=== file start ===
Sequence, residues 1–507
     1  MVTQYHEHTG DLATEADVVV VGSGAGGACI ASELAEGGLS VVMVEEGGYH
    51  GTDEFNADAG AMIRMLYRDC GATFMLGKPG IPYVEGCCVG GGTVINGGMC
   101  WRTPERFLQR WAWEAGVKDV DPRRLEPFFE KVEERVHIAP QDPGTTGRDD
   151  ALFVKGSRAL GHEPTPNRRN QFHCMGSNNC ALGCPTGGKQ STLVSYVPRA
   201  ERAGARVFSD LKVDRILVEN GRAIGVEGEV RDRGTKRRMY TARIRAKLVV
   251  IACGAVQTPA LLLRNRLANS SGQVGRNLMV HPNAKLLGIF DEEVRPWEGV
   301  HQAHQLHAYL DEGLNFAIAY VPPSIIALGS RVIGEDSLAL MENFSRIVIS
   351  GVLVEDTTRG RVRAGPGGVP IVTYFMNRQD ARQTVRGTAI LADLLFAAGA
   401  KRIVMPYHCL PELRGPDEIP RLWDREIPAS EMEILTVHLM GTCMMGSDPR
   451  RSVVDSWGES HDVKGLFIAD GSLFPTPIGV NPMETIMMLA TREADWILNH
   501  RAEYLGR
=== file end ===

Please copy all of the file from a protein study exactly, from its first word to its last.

Sequence, residues 1–507
     1  MVTQYHEHTG DLATEADVVV VGSGAGGACI ASELAEGGLS VVMVEEGGYH
    51  GTDEFNADAG AMIRMLYRDC GATFMLGKPG IPYVEGCCVG GGTVINGGMC
   101  WRTPERFLQR WAWEAGVKDV DPRRLEPFFE KVEERVHIAP QDPGTTGRDD
   151  ALFVKGSRAL GHEPTPNRRN QFHCMGSNNC ALGCPTGGKQ STLVSYVPRA
   201  ERAGARVFSD LKVDRILVEN GRAIGVEGEV RDRGTKRRMY TARIRAKLVV
   251  IACGAVQTPA LLLRNRLANS SGQVGRNLMV HPNAKLLGIF DEEVRPWEGV
   301  HQAHQLHAYL DEGLNFAIAY VPPSIIALGS RVIGEDSLAL MENFSRIVIS
   351  GVLVEDTTRG RVRAGPGGVP IVTYFMNRQD ARQTVRGTAI LADLLFAAGA
   401  KRIVMPYHCL PELRGPDEIP RLWDREIPAS EMEILTVHLM GTCMMGSDPR
   451  RSVVDSWGES HDVKGLFIAD GSLFPTPIGV NPMETIMMLA TREADWILNH
   501  RAEYLGR